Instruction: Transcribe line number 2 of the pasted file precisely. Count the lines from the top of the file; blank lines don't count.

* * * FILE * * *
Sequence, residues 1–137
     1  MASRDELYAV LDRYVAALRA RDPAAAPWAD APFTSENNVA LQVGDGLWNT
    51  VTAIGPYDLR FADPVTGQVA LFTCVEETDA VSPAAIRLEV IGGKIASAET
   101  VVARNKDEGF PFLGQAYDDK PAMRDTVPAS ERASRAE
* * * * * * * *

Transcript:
     1  MASRDELYAV LDRYVAALRA RDPAAAPWAD APFTSENNVA LQVGDGLWNT